I read about the Lucas test for alcohols in which a cloudy precipitate is produced with a tertiary or secondary alcohol. However, on a side note it was mentioned that this test is useful only for compounds having less than six carbon atoms. Why is this so?

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    $\begingroup$ This "degre" nomenclature for alcohols is terribly outdated. Profs teaching that today are really old and have learned it from teachers which were already oldfashioned then. $\endgroup$ – Karl Aug 14 at 5:51

The problem is that the alcohols themselves might be insoluble. Ethanol is soluble, yes, but as the alkyl chain length increases, the hydrophobic nature due to the chain starts dominating over whatever hydrophilicity the $\ce{-OH}$ group had been providing for lower homologues.

From source [1]:

.. any alcohol that is insoluble in the reagent might appear to be giving a positive 3° test.

The paper goes on to properly quantify several things:

Based on the results of this study, using 1 drop of alcohol added to 10 drops of reagent, it can be said that, at the very least, all saturated acyclic monofunctional alcohols having six or fewer carbons are soluble in the Lucas reagent.

It is clear that the relative amounts of the sample and the reagent become important in such borderline cases (~6 carbon long chains). If too much alcohol is added, it may cause an illusion of positive lucas test.

From source [1]: (emphasis mine)

That statement may not be true when 3 or 4 drops are used per 10 drops of reagent. In fact, sometimes when 10 drops of reagent are added to 3 or 4 drops of some of the alcohols, an interesting event occurs after a delay of a couple of minutes or so. Apparently, some undissolved alcohol that has been clinging to the bottom of the test tube suddenly breaks loose and, by streaming to the surface of the very dense Lucas reagent, gives a momentary illusion of a positive test. The real cloudiness, alkyl chloride formation, appears later—all the more reason to use a high reagent/alcohol ratio.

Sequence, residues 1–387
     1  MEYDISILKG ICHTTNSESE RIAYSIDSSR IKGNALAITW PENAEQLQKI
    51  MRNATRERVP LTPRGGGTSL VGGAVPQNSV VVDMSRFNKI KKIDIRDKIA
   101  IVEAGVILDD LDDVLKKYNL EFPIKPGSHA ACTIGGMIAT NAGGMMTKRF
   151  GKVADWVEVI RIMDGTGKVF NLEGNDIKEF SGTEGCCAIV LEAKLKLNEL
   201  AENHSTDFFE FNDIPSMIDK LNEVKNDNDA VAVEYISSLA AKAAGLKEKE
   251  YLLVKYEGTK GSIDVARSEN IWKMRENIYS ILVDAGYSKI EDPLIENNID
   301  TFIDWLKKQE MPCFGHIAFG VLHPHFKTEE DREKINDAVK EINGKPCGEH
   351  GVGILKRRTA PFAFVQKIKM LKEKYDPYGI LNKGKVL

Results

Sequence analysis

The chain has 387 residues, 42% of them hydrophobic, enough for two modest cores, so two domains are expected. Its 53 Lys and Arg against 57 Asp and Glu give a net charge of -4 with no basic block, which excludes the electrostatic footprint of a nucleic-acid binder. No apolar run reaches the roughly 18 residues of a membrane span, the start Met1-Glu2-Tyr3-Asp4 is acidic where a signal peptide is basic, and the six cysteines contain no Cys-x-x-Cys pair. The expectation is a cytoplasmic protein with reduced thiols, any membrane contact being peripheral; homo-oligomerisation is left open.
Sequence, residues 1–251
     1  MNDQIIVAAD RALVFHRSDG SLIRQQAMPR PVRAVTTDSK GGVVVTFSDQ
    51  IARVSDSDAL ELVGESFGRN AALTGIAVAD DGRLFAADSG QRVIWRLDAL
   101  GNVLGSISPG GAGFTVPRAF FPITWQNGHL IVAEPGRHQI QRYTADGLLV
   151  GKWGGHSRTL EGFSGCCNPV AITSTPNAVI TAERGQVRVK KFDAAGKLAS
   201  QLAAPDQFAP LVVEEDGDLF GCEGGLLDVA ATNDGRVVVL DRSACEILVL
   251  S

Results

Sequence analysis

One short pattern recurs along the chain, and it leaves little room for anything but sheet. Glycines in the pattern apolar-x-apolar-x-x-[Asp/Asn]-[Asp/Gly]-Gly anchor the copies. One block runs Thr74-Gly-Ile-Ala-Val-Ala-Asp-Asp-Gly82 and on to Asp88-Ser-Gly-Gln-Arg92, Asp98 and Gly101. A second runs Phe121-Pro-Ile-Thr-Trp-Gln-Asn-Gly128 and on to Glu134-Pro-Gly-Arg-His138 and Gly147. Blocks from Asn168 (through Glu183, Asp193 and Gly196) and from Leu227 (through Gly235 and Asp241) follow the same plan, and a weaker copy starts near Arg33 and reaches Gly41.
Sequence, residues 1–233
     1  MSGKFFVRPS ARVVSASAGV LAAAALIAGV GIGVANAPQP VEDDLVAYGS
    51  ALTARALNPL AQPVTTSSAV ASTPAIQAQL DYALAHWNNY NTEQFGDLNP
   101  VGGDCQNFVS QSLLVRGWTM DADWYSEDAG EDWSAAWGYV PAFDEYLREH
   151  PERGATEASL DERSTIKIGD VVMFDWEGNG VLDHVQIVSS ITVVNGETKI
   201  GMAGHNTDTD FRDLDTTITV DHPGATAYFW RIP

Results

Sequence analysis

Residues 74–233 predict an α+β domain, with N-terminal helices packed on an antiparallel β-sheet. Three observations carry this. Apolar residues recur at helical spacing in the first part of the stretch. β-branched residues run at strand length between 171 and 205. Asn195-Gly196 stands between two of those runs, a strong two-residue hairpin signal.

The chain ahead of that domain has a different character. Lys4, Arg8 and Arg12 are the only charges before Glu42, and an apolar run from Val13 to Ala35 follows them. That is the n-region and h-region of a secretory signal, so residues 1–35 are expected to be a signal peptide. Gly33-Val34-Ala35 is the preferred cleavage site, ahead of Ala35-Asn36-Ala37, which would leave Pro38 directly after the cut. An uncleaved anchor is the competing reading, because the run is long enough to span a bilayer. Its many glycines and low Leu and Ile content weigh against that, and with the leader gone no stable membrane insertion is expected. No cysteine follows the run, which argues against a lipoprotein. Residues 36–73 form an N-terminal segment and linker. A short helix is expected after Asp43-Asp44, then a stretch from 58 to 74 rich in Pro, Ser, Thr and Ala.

[1] "A study of the Lucas test" R. A. Kjonaas and B. A. Riedford J. Chem. Ed. 1991 68 (8), 704 DOI: 10.1021/ed068p704


To get a cloudy "precipitate", you need to dissolve the alcohol in the acid solution. Alcohols get less soluble in water as their chain length increases. By the time you pass 6 carbons, the alcohol itself is more or less insoluble. If it reacts along the interface, the chloride product would just mix into the alcohol layer, with no visible change.

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    $\begingroup$ Please share the reference you've used $\endgroup$ – StackUpPhysics Aug 13 at 16:33
  • $\begingroup$ I had no specific reference in mind, just general knowledge. The other answer is more complete than anything I had in mind. $\endgroup$ – jeffB Aug 13 at 19:34
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    $\begingroup$ no problem still I appreciate your efforts $\endgroup$ – StackUpPhysics Aug 14 at 1:14

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